Dave Rennie’s rumoured $1.07 million annual package will not be affected by a pay cut imposed by the Rugby Australia.
Incoming Wallabies coach Rennie, who has maternal links to the Cook Islands, will start on his new role next month.
And interim Rugby Australia chief executive Rob Clarke confirmed Rennie won’t be required to take a five per cent pay cut asked of other senior staff members.
“Dave hasn’t started yet, so he will be excluded from that,” Clarke told The Sydney Morning Herald.
“All other staff over a certain threshold will be invited to take a five per cent pay cut. It’s a legal requirement and so we’ll be following the law there. I’m confident that the staff coming back will want to help to continue to play their part in the financial sustainability of the game. We don’t anticipate a full workforce coming back until October.”
Rugby Australia is making some major changes to its structure after losing most of its revenue due to the Covid-19 crisis.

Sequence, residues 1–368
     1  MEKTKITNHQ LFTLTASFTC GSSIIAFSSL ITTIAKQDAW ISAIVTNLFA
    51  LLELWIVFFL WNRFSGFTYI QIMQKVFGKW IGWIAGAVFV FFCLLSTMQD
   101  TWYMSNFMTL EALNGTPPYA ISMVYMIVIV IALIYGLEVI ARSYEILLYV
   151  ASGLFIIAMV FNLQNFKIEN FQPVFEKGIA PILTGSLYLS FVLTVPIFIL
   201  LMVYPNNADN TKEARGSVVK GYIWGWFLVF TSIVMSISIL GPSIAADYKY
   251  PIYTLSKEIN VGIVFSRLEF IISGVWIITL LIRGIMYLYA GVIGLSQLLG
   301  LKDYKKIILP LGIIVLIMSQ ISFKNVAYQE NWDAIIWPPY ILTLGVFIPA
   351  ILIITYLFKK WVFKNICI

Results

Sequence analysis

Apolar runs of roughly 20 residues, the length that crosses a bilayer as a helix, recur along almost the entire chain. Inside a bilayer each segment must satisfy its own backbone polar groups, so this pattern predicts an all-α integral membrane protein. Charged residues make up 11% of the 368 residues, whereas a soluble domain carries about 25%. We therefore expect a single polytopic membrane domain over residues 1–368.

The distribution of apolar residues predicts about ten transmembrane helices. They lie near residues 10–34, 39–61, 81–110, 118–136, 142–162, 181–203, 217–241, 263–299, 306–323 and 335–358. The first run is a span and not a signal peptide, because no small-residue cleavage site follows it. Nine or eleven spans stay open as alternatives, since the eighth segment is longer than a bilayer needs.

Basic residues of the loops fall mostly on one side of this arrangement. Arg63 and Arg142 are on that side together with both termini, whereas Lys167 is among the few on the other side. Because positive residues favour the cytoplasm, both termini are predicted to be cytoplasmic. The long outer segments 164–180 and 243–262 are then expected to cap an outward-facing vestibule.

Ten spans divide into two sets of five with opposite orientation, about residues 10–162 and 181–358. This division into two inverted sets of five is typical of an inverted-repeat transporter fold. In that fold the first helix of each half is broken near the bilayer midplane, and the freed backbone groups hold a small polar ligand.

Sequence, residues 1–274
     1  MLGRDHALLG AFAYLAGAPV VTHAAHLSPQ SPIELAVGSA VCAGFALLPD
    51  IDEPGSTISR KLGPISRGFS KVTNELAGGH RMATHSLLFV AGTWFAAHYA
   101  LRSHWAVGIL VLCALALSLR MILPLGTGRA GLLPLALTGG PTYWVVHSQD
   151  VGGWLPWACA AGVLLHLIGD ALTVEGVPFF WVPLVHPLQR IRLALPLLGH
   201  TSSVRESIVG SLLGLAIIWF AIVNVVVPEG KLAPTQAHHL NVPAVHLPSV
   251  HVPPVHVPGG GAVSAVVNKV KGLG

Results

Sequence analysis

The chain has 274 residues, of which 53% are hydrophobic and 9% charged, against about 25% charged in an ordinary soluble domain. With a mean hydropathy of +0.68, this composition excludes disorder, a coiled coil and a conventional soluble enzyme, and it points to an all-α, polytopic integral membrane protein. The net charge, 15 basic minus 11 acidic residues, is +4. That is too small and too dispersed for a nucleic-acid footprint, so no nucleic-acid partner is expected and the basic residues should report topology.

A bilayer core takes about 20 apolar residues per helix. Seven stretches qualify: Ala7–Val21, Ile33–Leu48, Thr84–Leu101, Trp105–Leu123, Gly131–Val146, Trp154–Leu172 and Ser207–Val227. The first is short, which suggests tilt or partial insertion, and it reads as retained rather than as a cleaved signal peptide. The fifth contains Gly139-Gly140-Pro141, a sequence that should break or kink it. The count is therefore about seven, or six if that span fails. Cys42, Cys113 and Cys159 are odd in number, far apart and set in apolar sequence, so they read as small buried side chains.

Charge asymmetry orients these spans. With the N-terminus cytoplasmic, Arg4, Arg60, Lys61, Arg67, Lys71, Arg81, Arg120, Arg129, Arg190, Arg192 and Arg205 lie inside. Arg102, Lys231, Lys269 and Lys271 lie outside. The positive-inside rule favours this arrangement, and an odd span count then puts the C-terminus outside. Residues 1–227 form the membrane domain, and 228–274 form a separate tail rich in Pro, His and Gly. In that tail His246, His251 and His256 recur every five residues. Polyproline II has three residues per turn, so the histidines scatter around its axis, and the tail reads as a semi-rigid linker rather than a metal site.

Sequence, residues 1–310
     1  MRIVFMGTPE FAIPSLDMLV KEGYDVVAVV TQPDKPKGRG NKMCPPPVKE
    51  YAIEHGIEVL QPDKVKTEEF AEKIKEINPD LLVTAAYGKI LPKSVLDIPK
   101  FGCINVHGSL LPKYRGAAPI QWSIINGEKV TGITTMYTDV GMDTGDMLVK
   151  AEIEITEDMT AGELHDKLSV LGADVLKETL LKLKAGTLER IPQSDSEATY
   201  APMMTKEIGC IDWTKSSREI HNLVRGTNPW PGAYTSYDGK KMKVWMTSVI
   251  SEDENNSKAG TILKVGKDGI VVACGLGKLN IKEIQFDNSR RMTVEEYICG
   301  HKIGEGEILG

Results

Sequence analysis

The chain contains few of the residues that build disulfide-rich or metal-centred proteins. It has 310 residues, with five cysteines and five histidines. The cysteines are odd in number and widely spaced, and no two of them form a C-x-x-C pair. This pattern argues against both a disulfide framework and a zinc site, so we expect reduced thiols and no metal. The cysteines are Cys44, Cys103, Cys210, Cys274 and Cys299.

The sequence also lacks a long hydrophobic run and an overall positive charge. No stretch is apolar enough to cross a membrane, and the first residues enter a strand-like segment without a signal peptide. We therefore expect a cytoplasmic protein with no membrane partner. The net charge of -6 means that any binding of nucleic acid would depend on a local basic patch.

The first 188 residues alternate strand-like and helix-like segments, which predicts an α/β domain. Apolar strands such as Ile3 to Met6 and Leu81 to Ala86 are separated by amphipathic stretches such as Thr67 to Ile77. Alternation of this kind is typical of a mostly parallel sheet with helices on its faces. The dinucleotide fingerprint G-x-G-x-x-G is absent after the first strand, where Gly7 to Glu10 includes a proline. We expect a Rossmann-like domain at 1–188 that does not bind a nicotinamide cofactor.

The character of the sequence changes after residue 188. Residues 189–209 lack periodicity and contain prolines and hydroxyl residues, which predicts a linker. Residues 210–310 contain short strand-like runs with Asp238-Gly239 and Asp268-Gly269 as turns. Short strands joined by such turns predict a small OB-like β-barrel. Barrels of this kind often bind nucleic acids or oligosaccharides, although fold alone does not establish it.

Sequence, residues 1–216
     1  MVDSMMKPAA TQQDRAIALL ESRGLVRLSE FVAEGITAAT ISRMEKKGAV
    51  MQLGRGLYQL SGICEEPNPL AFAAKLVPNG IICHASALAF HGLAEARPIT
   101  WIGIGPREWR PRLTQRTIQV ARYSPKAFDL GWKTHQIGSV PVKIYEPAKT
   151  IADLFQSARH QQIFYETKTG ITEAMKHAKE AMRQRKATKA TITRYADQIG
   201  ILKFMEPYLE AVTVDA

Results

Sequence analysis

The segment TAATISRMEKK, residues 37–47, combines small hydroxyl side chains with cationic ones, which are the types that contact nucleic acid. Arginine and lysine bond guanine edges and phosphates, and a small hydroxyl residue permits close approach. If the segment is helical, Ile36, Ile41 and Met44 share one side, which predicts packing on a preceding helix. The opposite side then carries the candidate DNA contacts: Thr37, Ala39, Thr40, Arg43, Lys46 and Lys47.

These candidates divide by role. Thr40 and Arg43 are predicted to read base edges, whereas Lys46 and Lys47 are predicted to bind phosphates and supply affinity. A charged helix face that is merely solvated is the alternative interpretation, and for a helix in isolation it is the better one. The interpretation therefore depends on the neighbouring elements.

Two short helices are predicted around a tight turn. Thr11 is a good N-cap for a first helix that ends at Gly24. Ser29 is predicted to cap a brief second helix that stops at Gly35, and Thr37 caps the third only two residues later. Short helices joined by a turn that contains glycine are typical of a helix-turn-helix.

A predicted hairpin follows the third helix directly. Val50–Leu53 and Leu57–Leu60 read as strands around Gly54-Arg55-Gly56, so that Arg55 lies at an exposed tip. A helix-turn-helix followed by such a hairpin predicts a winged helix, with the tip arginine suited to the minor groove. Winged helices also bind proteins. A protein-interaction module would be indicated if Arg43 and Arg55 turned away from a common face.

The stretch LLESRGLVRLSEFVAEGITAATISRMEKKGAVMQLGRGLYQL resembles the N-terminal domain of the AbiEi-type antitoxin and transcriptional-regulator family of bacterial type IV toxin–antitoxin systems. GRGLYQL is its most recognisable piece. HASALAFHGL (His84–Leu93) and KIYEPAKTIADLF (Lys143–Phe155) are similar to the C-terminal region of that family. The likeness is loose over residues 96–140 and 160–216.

According to the Herald, one-third of full-time Rugby Australia staff would lose their job in coming weeks, as well as another 30 casual workers.
In order to reduce its wage bill by $5.9 million, 47 of 142 staff have been let go, with further cuts flagged in a second restructure to be confirmed in coming weeks set to affect Super Rugby franchises, Herald reported.
“A key part of our financial underpinning is a successful Wallabies,” Clarke said. “It’s not everything but it’s certainly a key part of it. We’ll be protecting that as much as possible ... to help get the Wallabies where they need to get to as a world ranking.
“Dave Rennie is a key part of that and I am delighted with how Dave has been engaging on that task since signing up and I think he is going to make a very big positive difference.”
Rennie, the former Chiefs coach, is expected to return home to New Zealand this month after finishing his four-year tenure with Scotland-based Glasgow Warriors.
He will spend his Covid-19 quarantine in New Zealand before heading to Australia later next month.
- Additional reporting The Sydney Morning Herald